These are both learned works, by distinguished German scholars. Wolff's is a biography only, though sometimes he cannot help himself and writes about the music as music. He intends to complete a second volume, strictly about Bach's music. Geck's book is divided into a biographical half (pp. 3-273) and a discussion of the music, genre by genre.
If you take the time to read them both you can learn pretty much everything that is currently known about Bach's life. If your patience is more limited than that, I would recommend the Wolff over the Geck, in spite of Mazur's endorsement. Wolff's was a Pulitzer Prize finalist, has much more information about Bach's pre-Leipzig travels and career; I think he makes Bach come to life somewhat better than Geck's, which is written in more of an academic style. Geck gives arguments from data in a manner more of interest to fellow scholars than the generally educated reader, and he perhaps assumes more knowledge on the part of the reader than does Wolff. Geck's discussion of Bach's musical style will surely send the reader unfamiliar with baroque style to a musical dictionaries. He even mentions, but does not define, one term he considers essential to the modern musicologist but which appeared only once in theoretical musical writing by Bach's time; he checked!
Wolff begins with an account of an insult to Bach's status as a complete musician by one of his contemporaries. Geck prefaces his account of Bach's life with an account of earlier works about Bach: Forkel, Spitta, Schweitzer. Neither displays much of a sense of the dramatic. Probably the gravest insult to this great genius in his lifetime was his being thrown in jail and given a dishonorable discharge for insisting on leaving his employment in Weimar in 1717. Both biographers mention this almost in passing. (I was reminded of the incident in Mozart's life when he was literally kicked out of the palace of his employer the Archbishop of Salzburg.) Neither bothers to explain why this could have happened. Just what were the conditions of employment in the 18th Century for a musician? This gives new meaning to the polite signoff, "Your obedient servant," standard in correspondence of the period. Bach had conflict with employers even at the height of his career in Leipzig, incidentally. Another part of Bach's life that more popular biographies would probably give a chapter to would be the musical activities in Zimmermann's coffeehouse in Leipzig, the venue where several of several of Bach's concertos were performed.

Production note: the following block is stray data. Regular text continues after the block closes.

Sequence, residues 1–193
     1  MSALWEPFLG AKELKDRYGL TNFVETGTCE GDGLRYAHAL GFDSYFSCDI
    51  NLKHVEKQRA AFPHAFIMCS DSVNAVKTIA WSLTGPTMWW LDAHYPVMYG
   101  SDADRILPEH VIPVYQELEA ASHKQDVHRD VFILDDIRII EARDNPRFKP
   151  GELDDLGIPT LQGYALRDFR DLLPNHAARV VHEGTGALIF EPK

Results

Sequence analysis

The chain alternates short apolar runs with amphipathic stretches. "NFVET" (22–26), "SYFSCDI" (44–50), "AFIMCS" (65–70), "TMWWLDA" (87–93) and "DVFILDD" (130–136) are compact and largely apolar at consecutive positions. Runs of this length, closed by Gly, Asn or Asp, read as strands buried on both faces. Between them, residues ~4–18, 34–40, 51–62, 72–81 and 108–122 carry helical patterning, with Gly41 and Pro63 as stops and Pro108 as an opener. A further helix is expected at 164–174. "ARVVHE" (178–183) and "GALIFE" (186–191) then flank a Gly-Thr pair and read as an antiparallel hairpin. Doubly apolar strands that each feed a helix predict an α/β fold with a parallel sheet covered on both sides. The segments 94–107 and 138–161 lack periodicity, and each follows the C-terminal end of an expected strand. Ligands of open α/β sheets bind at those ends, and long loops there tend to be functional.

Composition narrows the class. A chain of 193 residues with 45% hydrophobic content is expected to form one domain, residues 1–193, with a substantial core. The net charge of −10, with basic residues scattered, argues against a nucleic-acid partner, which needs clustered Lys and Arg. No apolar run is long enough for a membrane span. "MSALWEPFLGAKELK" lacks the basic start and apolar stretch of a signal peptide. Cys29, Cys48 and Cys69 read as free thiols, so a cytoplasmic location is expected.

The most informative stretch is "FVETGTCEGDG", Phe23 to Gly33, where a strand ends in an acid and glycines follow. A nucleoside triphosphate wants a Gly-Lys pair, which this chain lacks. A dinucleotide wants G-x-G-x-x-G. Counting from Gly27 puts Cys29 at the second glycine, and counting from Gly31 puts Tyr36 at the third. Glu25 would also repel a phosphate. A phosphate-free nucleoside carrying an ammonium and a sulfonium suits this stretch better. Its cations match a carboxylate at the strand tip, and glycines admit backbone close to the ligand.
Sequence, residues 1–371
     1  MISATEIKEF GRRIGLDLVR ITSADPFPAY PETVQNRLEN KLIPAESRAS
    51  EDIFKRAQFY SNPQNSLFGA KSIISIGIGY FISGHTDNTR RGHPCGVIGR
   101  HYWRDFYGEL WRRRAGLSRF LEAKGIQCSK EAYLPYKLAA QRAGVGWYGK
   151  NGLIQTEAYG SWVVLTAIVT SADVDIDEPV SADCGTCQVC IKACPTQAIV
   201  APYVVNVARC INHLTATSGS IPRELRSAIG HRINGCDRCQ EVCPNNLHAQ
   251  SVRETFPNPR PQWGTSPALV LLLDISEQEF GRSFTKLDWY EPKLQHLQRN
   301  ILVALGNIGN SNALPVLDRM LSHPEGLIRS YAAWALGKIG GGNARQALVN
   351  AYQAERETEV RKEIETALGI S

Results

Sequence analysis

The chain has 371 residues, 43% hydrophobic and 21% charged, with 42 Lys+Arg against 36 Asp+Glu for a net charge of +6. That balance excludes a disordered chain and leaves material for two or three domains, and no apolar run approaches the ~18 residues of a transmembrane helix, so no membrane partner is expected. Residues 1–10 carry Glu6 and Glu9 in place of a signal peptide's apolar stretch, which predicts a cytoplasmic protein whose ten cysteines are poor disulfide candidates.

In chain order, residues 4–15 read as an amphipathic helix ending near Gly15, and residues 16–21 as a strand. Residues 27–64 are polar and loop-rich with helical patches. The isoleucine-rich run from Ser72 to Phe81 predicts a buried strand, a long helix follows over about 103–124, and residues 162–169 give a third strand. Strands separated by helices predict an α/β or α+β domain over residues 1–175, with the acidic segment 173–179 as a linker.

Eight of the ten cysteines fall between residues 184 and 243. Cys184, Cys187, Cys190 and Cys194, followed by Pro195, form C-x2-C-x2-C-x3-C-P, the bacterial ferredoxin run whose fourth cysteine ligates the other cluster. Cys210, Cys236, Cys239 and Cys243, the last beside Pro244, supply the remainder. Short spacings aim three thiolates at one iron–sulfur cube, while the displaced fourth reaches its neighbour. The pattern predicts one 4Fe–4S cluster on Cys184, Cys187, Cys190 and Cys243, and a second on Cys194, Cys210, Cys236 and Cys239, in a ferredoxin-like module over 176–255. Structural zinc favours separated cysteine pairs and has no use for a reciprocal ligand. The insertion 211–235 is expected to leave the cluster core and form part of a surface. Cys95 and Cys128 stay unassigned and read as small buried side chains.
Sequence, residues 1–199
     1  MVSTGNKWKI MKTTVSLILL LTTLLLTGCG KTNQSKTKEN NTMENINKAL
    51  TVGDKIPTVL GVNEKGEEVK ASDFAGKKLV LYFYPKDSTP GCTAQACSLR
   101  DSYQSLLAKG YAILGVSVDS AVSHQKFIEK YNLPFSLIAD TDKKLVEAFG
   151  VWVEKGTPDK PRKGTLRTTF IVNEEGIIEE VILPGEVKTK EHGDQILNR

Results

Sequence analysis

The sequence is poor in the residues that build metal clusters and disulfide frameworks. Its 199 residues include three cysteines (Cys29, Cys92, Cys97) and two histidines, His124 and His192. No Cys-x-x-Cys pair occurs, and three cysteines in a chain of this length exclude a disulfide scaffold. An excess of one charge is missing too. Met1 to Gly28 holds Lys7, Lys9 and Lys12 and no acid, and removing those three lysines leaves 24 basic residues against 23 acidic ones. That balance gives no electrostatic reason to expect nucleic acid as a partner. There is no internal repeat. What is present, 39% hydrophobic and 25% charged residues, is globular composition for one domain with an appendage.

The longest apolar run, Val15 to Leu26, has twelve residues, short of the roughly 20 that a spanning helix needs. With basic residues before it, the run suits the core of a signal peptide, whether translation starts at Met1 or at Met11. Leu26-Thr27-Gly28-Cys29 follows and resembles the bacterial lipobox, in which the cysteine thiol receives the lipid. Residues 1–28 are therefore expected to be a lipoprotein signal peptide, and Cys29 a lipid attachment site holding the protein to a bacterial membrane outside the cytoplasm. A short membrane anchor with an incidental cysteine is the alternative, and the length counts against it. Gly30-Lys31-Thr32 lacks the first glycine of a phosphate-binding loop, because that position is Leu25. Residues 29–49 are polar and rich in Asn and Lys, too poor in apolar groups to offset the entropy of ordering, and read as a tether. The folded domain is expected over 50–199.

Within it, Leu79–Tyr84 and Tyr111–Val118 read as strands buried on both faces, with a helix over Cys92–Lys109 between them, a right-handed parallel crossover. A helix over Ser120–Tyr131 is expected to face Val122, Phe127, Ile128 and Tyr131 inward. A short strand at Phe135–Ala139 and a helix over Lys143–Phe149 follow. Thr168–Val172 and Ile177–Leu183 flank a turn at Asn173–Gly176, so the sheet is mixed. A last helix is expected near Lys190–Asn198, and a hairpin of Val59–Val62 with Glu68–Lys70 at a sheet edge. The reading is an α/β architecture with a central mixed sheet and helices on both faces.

Both biographers relate what is known of Bach's family, including the successes of some of his sons, and the life course of the one who could be called a musical dropout. It is Wolff who gives detailed accounts of Bach's career moves, salary negotiations and compensation specifics over the years which surely were related to the needs of supporting his growing family. Quite a lot is known about that. The musical expectations of his various employers, municipal or noble, are well indicated in both accounts and, since this directly accounts for Bach's compositional output, that is as it should be. Much of his keyboard composition, though, was related to Bach's activities as private teacher. Group teaching in the Leipzig Thomas School was not altogether to Bach's liking; he hired a substitute for one of his courses. Geck quotes an official, following Bach's death, who said that Bach was no doubt a great musician but no teacher. He did devote himself to some very talented private students, however. Bach himself had an education preparatory to university studies but he was unable to attend university for financial reasons; nevertheless he became enormously learned in music through his own efforts, including both theoretical and practical matters, very much including the details of organ construction.
Wolff appears to be much more interested in Bach's cantatas and other vocal music than in his secular instrumental music. He gives exhaustive accounts of the various cantata cycles, what was composed when and what survives or not of each. Geck gives a fuller account of the composition of the keyboard works. I don't know what Wolff plans for his next volume, but Geck gives about equal space to the vocal and instrumental music in the latter part of his book.
Copyright © 2008 by R. James Tobin